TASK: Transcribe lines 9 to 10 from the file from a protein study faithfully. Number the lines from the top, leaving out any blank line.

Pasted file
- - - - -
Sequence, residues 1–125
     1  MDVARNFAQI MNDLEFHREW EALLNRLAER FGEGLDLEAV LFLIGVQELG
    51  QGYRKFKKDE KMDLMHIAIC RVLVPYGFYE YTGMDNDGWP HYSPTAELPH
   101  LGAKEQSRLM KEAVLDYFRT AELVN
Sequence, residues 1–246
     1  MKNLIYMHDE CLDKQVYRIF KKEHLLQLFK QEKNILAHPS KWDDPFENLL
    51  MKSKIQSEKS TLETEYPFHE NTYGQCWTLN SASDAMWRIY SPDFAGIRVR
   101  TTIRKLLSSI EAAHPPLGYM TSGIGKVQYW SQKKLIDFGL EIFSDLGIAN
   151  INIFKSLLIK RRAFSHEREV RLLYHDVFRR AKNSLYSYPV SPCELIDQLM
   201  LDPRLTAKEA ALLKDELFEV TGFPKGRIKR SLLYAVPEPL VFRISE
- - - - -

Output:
   151  INIFKSLLIK RRAFSHEREV RLLYHDVFRR AKNSLYSYPV SPCELIDQLM
   201  LDPRLTAKEA ALLKDELFEV TGFPKGRIKR SLLYAVPEPL VFRISE